Friday, November 15, 2013

When will In the Ghetto just be another song?

This was originally posted on The Chicago Moms

I was driving when an Elvis Presley song came on the radio. I had heard the song many, many times growing up as my parents were big Elvis fans. This time, alone in my car, I really listened to In the Ghetto. In case you don’t remember the lyrics, here’s how it starts

As the snow flies
On a cold and gray Chicago mornin’
A poor little baby child is bornIn the ghetto
And his mama cries
Cause if there’s one thing that she don’t need
It’s another hungry mouth to feed
In the ghetto
Later in the song, this happens:
Then one night in desperation
A young man breaks away
He buys a gun, steals a car,
Tries to run, but he don’t get far
And his mama cries
As a crowd gathers ’round an angry young man
Face down on the street with a gun in his hand
In the ghetto

In the Ghetto” was first released in 1969. Nearly 45 years ago Chicago was still the place people thought about when they thought about poverty and violence. It’s incredible sad that back in 1969 when Mac Davis sat down to write a song about generations caught in a cycle of poverty and violence, Chicago was the place that came to mind.

The violence in the 1969 song almost seems quaint. A young man steals a car and is killed trying to escape his life. In the 2013 version there would be more gang involvement and retaliation. The end result is the same, though. A young man with a gun ends up dead in the street.

Here’s how Wikipedia explains the song, “It is a narrative of generational poverty: a boy is born to a mother who already has more children than she can feed in the ghetto of Chicago. The boy grows up hungry, steals and fights, purchases a gun and steals a car, attempts to run, but is shot and killed just as another child is born. The song implies that the newborn will meet the same fate, continuing the cycle of poverty and violence. The feeling of an inescapable circle is created by the structure of the song, with its simple, stark phrasing; by the repetition of the phrase “in the ghetto” as the close of every fourth line; and finally by the repetition of the first verse’s “and his mama cries” just before the beginning and as the close of the last verse.”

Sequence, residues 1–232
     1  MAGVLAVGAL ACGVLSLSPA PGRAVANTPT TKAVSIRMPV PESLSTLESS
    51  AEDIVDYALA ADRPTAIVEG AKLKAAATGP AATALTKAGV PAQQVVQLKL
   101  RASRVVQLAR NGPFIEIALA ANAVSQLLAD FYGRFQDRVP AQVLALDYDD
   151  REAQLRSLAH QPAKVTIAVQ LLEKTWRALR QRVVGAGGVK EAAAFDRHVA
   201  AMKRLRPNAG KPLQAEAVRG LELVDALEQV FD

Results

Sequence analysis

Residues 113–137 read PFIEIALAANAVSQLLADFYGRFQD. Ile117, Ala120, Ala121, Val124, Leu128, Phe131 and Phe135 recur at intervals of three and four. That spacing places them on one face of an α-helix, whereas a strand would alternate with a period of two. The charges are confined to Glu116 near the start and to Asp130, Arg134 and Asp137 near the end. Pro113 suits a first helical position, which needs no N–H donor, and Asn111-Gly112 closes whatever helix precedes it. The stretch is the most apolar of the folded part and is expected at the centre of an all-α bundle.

Sadly the inescapable circle of poverty and violence continues with more rage in 2013. Despite numerous government programs and private attempts, some Chicago neighborhoods still struggle with daily gun violence. Some kids grow up thinking that joining a gang and carrying a gun is the only way to succeed. Too many mothers continue to cry.

When will In the Ghetto be a quaint oldie rather than an anthem for another Chicago generation? It’s a question people have been asking for decades. The real question is: Are we the generation to create the change necessary so that today’s babies don’t grow up to be the angry young man in the song?

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